Whilst reconciliation is a political imperative, improving the conditions in Gaza is also a necessary prerequisite for any serious peace making. There are immediate and more long-term considerations, in the immediate the banking system is collapsing. This has been recently exacerbated by the Palestinian authority no longer paying the salaries to 100,000 Gazan civil servants which affects the livelihood of over 800,000 Gazan families. This withdrawal of money out of the economy requires cash injection immediately, and historically this has beed done by Qatar.

There have been discussions about the possibility of allowing the transfer of raw materials, food and goods, and materials for road and house building, and more long-term projects such as the the construction of a dedicated Gaza port facility. There have been some voices in Israel who recognize that the regeneration of Gaza is essential, but up until now , none of this has been given serious consideration. There is little support in the Knesset or in the current Israeli government, international pressure will therefore be required if anything sustainable is to be implemented.

In 1998 Gaza’s Yasser Arafat International Airport was opened, only to be bombed by Israel four years later. A comprehensive regeneration strategy could consider rebuilding this airport. Gas has been discovered in Gaza’s coastal shelf and partnerships could be established to tap into these reserves. Desalination and sewage recycling equipment would also be an essential part of any development offered. This economic regeneration can only be meaningfully explored in the light of a long-term ceasefire between Hamas and Israel that makes this investment in Gaza sustainable. A trusted ‘third-party’ is needed, who can work directly with the parties to try and enhance the conditions for constructive negotiations.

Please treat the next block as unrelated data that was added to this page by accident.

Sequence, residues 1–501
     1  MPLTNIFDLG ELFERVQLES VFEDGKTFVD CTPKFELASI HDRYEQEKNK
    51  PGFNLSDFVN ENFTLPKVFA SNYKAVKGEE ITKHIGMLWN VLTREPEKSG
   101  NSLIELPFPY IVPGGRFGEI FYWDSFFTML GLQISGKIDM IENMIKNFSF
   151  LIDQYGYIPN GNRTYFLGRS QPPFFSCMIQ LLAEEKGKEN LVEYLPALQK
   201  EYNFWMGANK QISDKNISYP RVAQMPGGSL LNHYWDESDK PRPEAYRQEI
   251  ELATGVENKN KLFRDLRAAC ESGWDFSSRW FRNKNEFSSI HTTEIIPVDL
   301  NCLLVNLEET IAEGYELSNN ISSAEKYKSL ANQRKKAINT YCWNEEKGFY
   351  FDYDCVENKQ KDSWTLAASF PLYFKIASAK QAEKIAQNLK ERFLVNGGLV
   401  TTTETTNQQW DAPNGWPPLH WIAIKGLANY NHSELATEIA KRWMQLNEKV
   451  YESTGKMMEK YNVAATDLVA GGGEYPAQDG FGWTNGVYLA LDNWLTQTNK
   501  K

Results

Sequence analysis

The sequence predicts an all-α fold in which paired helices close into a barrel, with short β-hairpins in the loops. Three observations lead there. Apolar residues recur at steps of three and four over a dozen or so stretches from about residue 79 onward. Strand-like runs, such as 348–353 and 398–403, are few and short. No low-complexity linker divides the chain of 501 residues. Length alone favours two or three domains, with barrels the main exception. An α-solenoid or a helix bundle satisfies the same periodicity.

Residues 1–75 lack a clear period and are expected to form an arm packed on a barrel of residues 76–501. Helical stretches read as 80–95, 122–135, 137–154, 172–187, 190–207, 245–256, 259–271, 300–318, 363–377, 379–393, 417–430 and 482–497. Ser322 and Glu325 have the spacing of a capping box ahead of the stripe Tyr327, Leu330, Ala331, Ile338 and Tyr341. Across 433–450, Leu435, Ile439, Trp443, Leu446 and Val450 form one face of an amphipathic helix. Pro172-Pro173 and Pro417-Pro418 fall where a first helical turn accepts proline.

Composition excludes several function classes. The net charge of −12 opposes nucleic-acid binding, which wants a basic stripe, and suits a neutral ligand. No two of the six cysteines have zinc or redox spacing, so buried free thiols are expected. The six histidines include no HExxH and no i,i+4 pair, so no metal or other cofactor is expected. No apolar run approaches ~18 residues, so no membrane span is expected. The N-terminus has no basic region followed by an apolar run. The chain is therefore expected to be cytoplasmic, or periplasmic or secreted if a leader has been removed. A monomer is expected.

If the people of Gaza are to believe in a future, preventing them from being drawn into nihilistic violence, will require serious political engagement. It is not only the responsibility of Israel; the international community turns its back on Gaza once fighting subsides. In the aftermath of the 2014 Gaza war, despite 2,000 Palestinian deaths, there was no lasting international engagement or strategy. The attention deficit on Gaza will needs to be addressed and will require the implementation of a serious plan. If the UK could move beyond its Brexit preoccupations, it could put serious time and energy and take a leading role in working with others, to create and implement a comprehensive plan. It cannot be beyond our imagination to make this possible.